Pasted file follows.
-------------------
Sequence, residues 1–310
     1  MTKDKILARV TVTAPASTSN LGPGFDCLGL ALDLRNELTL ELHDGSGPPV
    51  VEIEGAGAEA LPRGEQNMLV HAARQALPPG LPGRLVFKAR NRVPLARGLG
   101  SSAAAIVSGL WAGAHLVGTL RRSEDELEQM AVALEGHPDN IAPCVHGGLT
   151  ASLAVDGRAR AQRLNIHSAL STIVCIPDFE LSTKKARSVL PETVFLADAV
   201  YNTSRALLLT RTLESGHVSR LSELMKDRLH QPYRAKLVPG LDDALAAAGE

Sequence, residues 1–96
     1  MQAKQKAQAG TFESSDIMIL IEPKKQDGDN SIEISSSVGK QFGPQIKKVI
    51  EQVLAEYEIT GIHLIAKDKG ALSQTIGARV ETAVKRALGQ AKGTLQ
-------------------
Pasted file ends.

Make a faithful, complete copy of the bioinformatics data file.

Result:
Sequence, residues 1–310
     1  MTKDKILARV TVTAPASTSN LGPGFDCLGL ALDLRNELTL ELHDGSGPPV
    51  VEIEGAGAEA LPRGEQNMLV HAARQALPPG LPGRLVFKAR NRVPLARGLG
   101  SSAAAIVSGL WAGAHLVGTL RRSEDELEQM AVALEGHPDN IAPCVHGGLT
   151  ASLAVDGRAR AQRLNIHSAL STIVCIPDFE LSTKKARSVL PETVFLADAV
   201  YNTSRALLLT RTLESGHVSR LSELMKDRLH QPYRAKLVPG LDDALAAAGE

Sequence, residues 1–96
     1  MQAKQKAQAG TFESSDIMIL IEPKKQDGDN SIEISSSVGK QFGPQIKKVI
    51  EQVLAEYEIT GIHLIAKDKG ALSQTIGARV ETAVKRALGQ AKGTLQ